Time to take smog seriously

Time to take smog seriously

As winter approaches, ultra-fine PM2.5 dust particles start to blanket Bangkok and other cities, posing a health threat to the public.

Last week, it was reported excessive dust levels were found in at least four districts in Bangkok, namely Bang Sue, Bang Khen, Bang Phlat, and Phasi Charoen. The dust levels ranged from 51 to 60 microgrammes per cubic metres (µg/m³), as against the Thai safety level of 50µg/m³ which is already higher than the international standard. Yesterday it hit 148µg/m³ in some areas.

Last year, pictures of people wearing face masks were plastered across the media.

The dust-induced air pollution hit Bangkok and other parts of the country in the past few years while most of the population remained unaware. However, last year's smog became critical with levels soaring to well over 100 µg/m³, causing illness and public panic.

Traffic congestion, the construction of rail systems, as well as condominium projects were blamed for Bangkok's toxic smog while the polluted air in provinces was connected to uncontrolled open burning of farm waste, especially sugar cane and corn plantations, and forest fires. The expansion of cash crops in neighbouring Myanmar and Cambodia gave rise to transboundary air pollution.

In Bangkok, the problem is aggravated between October and February -- high tourism season -- as a result of a temperature inversion that usually occurs in winter and is marked by a reversal of the normal behaviour of temperature in the troposphere, in which a layer of cool air at the surface is overlain by a layer of warmer air. Such conditions consequently block air and dust particles from an upward movement, resulting in less ventilation for 2.5 pollutants.

Problems in Chiang Mai, the tourism hub of the north, were no less serious. Last year, smog clouded the province until March.

The local authorities were unprepared, only able to offer knee-jerk reactions, including the installation of water spraying machines in public places amid heavy debate whether such measures were actually useful.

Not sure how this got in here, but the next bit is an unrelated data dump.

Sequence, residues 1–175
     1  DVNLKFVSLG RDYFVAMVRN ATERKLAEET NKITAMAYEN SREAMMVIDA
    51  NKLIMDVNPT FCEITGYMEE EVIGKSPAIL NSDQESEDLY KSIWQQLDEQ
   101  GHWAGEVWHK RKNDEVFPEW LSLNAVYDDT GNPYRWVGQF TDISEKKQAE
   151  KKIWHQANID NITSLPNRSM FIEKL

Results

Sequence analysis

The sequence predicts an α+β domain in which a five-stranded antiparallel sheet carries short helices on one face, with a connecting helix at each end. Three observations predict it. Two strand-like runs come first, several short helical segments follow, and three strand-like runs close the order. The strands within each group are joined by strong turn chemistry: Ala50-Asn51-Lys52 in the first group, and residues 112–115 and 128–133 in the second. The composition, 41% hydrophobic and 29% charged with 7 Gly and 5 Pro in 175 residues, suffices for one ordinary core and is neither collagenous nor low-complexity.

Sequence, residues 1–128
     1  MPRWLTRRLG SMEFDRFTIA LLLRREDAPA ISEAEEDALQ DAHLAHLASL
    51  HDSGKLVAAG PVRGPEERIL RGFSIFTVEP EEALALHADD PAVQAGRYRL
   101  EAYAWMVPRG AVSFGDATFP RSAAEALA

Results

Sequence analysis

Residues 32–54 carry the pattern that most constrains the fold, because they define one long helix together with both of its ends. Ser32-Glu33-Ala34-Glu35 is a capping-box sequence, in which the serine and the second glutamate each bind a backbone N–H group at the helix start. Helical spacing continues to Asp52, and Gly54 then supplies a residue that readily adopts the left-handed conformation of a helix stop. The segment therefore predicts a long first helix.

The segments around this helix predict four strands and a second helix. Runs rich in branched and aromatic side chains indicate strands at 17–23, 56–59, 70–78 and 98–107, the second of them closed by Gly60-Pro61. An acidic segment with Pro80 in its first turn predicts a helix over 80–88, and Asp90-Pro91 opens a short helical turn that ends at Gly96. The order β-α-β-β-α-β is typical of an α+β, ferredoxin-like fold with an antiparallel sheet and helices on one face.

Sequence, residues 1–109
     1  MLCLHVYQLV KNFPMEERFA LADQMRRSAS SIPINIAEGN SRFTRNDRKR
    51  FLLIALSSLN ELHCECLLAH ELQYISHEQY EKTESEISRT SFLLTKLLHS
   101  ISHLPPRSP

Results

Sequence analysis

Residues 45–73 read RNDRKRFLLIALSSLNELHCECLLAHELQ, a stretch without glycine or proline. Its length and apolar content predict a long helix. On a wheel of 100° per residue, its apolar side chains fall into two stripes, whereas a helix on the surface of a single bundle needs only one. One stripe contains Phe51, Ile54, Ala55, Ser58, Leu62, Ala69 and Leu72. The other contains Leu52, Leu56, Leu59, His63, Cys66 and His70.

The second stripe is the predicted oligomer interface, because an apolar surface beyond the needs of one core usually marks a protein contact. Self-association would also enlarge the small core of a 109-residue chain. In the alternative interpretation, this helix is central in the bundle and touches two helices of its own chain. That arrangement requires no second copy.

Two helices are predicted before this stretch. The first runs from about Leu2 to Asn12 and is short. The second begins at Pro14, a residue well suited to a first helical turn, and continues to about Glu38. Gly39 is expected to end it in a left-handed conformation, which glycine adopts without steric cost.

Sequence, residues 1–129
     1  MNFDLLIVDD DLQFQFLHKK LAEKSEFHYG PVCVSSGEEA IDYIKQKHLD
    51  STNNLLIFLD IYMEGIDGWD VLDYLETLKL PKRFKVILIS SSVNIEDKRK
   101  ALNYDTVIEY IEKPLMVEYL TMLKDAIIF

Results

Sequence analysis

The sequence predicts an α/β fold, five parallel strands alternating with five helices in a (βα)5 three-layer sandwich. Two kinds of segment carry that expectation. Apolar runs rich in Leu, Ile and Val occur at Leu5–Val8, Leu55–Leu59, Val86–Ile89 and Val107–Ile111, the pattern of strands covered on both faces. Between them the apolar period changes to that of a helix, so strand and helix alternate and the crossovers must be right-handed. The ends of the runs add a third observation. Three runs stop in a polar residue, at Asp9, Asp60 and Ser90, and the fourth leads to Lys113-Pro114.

The problems are expected to recur this year since the government and local administrative bodies, including the Bangkok Metropolitan Administration (BMA), have no long-term plans to tackle the issue. Sooner rather than later, the authorities will rush to install water sprayers.

The BMA's environment office played downed fears over a possible recurrence of hazardous dust particles across the city. Environment Office chief Chatri Watthanakhachon said the particle levels in these districts "may not be high all day long or every day", and that the high PM2.5 levels may "only occur during rush hours and around large construction sites such as at electric rail route projects".

It is evident that he made such statements to prevent public panic like that which occurred last year. But this is the wrong strategy. It is reminiscent of the way Chiang Mai authorities tried to play down the smog impact last year for fear of affecting tourist numbers.

Missed out completely from the chief's statement are people whose work requires them to stay outdoors such as city cleaners, vendors, motorcycle taxi riders and so on. Commuters trapped in traffic will also likely be exposed to the smog for up to an hour and a half hour a trip -- long enough to have serious health consequences over many days.

While Mr Chatri insisted he would send out inspection teams to the affected areas to ensure construction projects strictly follow guidelines on air pollution control such as by spraying water more frequently on the ground to keep the levels of dust low, he must admit the state has no measures to ease traffic congestion and it's known that car exhaust fumes contribute greatly to the toxic smog.

When the problem peaked last year, authorities mulled the promotion of electric cars instead of finding solutions to traffic jams.

So far, they have shied away from implementing long-term sustainable measures by making mass traffic more effective.

As always, it seems the poor are the hardest-hit group, with those in the upper class are better equipped to protect themselves from the pollutants.

This may lead some state authorities to think there is no need to prioritise the issue and feel no rush to put an end to the problem. Yet, health problems from toxic smog, especially among the workforce, cause heavy damage to the country's economy.

There is no excuse not to take the smog issue more seriously.


Bangkok Post editorial column

These editorials represent Bangkok Post thoughts about current issues and situations.

Email : anchaleek@bangkokpost.co.th

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